Making sense of the current UK Cybersecurity Skills scene

Your opportunity to catch up

Next week (12th November) I look forward to catching up with what is happening on the UK cybersecurity skills scene at the first Digital Policy Alliance review meeting since I handed over as rapporteur for the cybersecurity skills group. The members have been heavily involved with the Alliance which won the bid to plan the new UK Cybersecurity Council . I expect to hear what has happened since the contract was awarded.  I also expect to hear the current state of the other programmes under way, including apprenticeships – where there has been controversy on a variety of fronts: including over moves to better keep abreast of the accelerating pace of change with regard to the certifications and assessments (often set globally) required by major customers. I also note the intention to to take a long overdue look at operational skills and those needed to better secure critical infrastructure.

The meeting is for DPA members and registered observers only but those interested in joining are welcome to attend as a taster meeting – before joining to participate in the follow up. More details are available at:

I regard participation in this group as a MUST for those who are serious about having access to the skills they need to protect themselves and their customers, particularly because the area is beset with so much myth, nonsense and conflict of interest. Some of the issues also have a surprisingly high political profile, thanks to the number of well-connected victims. And who-ever claims to know what is going to happen after the election is probably deluded. Even if the Government wins we can expect to see attempts to bring about radical change fought by those who wish to preserve current priorities.

What has been changing

After my hand over I visited InfoSec, looking at was on offer from a different perspective. I wondered how many AI-driven threat intelligence services the market needs, as opposed to co-operation with law enforcement and technology providers to collate the intelligence and “remove” both vulnerabilities and predators.

The focus of security vendors on a relatively small number of enterprise customers and the security operations centres focussed on their needs led me to take another look at the skills scene . But at the same time I was looking at the issues from the perspective of the victims, including businesses large and small, society at large and the cost of crumbling consumer confidence in the safety and security of the on-line world. Then came the DPA meeting to look at Cyber Insurance as a point of leverage. I recently blogged on my personal conclusions from the discussion , This morning, however, I thought again about the consequences if the insurers achieve their objectives.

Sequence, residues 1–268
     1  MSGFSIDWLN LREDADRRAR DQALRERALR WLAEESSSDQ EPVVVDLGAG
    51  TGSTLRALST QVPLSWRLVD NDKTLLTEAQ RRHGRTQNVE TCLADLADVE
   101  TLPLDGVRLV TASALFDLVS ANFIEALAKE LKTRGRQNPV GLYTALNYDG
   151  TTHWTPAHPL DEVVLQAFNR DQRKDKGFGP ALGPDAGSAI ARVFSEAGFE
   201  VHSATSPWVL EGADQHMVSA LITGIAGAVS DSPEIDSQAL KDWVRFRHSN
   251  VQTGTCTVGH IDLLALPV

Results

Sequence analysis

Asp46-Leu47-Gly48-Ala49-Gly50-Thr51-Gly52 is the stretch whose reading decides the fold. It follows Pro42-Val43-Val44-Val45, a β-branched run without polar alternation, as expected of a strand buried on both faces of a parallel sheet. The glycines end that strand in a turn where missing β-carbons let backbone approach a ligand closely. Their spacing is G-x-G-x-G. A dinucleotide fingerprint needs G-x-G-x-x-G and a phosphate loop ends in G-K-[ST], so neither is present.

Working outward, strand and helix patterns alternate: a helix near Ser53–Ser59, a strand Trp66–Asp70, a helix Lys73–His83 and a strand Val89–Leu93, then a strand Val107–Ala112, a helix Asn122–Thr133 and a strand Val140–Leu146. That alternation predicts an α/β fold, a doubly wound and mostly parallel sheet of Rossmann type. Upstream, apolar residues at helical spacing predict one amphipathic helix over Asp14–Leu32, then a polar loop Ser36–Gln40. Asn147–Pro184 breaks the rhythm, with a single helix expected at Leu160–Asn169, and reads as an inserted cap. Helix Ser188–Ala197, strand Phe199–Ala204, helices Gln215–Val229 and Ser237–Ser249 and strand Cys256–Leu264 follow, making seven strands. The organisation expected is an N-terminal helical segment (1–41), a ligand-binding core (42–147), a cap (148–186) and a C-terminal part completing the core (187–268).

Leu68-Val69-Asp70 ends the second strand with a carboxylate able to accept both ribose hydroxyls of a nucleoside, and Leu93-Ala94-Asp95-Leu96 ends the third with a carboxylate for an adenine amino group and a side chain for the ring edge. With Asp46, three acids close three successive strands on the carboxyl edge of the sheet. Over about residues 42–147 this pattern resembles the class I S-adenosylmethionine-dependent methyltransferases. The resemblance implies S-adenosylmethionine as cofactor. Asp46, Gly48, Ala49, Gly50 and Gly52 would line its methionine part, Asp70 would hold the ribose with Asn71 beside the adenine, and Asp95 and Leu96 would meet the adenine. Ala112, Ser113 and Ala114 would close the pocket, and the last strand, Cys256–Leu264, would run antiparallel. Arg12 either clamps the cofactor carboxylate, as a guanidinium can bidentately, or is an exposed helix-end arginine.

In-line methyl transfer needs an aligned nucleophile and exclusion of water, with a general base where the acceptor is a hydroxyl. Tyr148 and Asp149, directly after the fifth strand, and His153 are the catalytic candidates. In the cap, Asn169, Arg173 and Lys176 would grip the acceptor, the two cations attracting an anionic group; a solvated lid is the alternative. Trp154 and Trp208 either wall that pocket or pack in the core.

Is nothing compared to may be to come

If they succeed in producing readable guidance on what potential victims need to do in order to be insurable the result could more than decimate both the cybercrime and cybersecurity industries. We will move towards a world in which business spends about that same on cyber insurance as it does on security products and services. We will also see insurance companies fund “risk reduction” and “asset recovery” operations in much the same way as they used to fund fire brigades and detective agencies in order to reduce the losses they had to cover.

On the way we will see a transformation in the demand for skills to run cyber protection operations as opposed to cultivating skillsets akin to those of “cyber-arsonists”.

But that is for the future.

For the here and now I strongly recommend participation in the DPA cybersecurity skill sub-group in order to make sense of what it happening and ensure that your needs, whether as an employer or training provider are met.

I remind you that the  meeting next week is for DPA members and registered observers only but those interested in joining are well to attend as a taster meeting, before joining to participate in the follow up. More details are available at:

P.S. Do not ask me where the meeting is. I do not know and will not be told until shortly before, and only then if there is room for obsevers not expected to help deliver what is agreed.





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